After producing the award-winning graphic novel adaptation of Kindred by Octavia Butler, Damian Duffy and John Jennings tackle another Butler work in Parable of the Sower: A Graphic Novel Adaptation, providing dark, sombre visuals to the science fiction classic.
Butler’s original 1993 novel — aptly set in the 2020s — sets the scene of a dystopian world, where society is left in ruin due to climate crisis. Citizens now live in gated areas where robbery, murder, and rape are constant threats — the world has become a brutal place. The protagonist, Lauren Olamina, is a preacher’s daughter and a “hyperempath” — someone who feels the physical pain of those around them, as if it were their own. In Duffy and Jennings’s adaption, the theme of pain sits front and center.
Duffy maintains the first person perspective used in the novel, via Lauren’s diary entries, documenting day-to-day life in her gated community as well as her conflicted thoughts on God and religion. The adaptation occasionally produces an overwhelming effect, as it takes a while to strike a balance between Duffy’s dense text and Jennings’s artwork. Yet its heavy tone, which bounces between Lauren’s attempts to process and her moments of clarity, retains Butler’s cadence.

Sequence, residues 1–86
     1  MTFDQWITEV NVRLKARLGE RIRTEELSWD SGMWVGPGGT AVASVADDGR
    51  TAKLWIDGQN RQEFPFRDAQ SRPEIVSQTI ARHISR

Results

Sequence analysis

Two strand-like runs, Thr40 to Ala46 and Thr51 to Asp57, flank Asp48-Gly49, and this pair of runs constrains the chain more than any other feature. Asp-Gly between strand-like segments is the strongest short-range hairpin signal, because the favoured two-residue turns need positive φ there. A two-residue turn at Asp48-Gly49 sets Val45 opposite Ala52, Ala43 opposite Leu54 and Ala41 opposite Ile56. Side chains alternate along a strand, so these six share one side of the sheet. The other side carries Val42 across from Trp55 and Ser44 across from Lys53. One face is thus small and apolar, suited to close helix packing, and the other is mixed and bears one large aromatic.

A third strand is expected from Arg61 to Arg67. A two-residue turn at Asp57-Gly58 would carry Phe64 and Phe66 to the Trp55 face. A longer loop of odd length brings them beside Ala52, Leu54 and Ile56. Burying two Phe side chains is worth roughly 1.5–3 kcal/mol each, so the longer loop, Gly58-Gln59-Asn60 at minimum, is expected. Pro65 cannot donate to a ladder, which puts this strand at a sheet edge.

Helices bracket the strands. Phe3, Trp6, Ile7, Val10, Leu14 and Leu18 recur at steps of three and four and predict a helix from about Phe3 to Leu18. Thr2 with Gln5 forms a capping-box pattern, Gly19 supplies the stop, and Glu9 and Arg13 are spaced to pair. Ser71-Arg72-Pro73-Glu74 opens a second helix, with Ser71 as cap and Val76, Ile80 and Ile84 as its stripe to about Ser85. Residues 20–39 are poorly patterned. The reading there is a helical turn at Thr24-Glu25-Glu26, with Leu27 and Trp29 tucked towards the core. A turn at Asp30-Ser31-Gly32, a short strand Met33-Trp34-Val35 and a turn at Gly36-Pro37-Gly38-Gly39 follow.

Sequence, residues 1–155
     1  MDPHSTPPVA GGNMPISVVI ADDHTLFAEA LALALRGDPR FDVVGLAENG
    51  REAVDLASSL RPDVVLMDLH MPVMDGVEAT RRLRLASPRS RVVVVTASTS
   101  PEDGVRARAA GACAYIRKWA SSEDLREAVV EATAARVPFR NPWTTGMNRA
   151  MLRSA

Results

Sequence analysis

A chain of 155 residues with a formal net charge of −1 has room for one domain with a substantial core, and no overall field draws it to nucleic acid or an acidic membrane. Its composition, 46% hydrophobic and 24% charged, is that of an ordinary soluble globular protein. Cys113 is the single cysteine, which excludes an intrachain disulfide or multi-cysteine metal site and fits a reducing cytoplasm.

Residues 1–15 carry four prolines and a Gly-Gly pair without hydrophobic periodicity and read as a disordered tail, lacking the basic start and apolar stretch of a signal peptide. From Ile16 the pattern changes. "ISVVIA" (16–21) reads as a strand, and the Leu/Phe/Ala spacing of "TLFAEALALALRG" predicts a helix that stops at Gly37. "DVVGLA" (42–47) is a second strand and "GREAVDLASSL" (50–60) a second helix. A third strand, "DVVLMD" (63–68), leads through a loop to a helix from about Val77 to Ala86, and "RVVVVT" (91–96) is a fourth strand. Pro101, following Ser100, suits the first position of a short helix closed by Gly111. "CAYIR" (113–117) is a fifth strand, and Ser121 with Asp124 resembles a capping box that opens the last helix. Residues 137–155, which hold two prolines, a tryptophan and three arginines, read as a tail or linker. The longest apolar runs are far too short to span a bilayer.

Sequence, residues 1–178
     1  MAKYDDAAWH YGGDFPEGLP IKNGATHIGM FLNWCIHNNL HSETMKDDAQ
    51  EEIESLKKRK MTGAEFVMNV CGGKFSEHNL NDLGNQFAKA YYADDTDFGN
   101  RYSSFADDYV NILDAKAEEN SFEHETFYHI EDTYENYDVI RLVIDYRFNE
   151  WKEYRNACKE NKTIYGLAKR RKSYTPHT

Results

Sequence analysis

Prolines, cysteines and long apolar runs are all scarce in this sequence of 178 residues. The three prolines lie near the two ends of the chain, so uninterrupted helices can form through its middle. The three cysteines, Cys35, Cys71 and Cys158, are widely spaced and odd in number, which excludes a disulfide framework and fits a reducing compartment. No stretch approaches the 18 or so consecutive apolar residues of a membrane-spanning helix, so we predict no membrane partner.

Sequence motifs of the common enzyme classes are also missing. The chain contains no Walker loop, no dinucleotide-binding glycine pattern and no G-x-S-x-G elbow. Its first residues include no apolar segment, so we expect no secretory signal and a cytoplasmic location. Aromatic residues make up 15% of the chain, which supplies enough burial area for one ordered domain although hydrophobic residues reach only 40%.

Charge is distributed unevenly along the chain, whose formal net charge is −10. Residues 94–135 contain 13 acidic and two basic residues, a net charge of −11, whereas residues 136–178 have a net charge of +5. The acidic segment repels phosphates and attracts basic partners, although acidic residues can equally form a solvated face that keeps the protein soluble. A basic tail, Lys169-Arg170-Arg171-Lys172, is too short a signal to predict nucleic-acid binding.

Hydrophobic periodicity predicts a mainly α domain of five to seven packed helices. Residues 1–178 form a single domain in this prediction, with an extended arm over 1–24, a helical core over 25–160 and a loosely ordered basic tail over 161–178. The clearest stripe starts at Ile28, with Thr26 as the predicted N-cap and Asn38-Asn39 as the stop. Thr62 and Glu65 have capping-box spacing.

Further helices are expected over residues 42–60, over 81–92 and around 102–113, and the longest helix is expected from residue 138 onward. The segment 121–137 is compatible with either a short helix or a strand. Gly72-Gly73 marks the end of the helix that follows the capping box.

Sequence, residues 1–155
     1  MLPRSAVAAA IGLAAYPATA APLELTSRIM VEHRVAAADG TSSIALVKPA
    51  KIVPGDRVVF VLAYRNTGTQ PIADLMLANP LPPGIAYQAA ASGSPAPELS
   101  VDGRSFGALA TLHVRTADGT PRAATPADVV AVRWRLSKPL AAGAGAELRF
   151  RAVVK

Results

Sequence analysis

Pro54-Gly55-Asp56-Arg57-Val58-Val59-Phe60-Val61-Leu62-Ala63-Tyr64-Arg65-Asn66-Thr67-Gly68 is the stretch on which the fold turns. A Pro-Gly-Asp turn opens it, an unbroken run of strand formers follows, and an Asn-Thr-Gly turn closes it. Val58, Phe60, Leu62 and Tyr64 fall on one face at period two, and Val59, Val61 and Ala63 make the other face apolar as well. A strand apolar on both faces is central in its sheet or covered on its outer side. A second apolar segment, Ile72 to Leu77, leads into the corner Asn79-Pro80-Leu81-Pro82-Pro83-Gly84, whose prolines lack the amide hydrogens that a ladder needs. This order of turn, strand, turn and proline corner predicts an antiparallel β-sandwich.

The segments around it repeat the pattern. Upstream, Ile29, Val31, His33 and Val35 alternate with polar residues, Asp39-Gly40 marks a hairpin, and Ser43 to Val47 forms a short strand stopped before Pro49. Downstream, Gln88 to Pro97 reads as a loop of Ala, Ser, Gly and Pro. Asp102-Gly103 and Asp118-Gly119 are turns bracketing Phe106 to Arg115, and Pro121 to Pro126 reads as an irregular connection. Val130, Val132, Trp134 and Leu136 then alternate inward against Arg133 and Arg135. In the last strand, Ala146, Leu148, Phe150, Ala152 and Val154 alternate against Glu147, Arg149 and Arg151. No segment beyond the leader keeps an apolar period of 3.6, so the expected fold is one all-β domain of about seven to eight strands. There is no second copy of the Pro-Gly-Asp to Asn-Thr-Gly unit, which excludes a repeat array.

Jennings’s illustrations highlight this persistent sense of internal and external tumult through his palette choice. Using mainly primary colors, panels go from burnt reds to sharp blues to lurid yellows. Harsh shades and jagged linework reflect the grim violence of the world. At times the colors blend together, so everything develops a murky brown tone. While this goes a long way in yielding a realistic portrayal of a dry, destitute California, it makes some scenes tricky to comprehend, which feels counterintuitive to an adaptation. However, while the palette occasionally falters, Jennings’s character depictions feel bold and engaging. He conveys a keen sense of horror through the book via the emotions of the characters. Their constant sorrow, for example, is unavoidable as Jennings regularly employs close-up portraits throughout.
At times, Duffy and Jennngs’s Parable of the Sower feels unoriginal, even for an adaptation. There’s a sense that in wanting to stay true to Butler’s work, the creators have remained as close to the source material as possible, leaving no room for claims that they missed or altered anything beyond recognition. Yet in its avoidance of bringing any new angles or fresh takes to the work, the adaptation also begs the question of why. Beyond the inclusion of illustration, what does it really offer that the original novel does not already?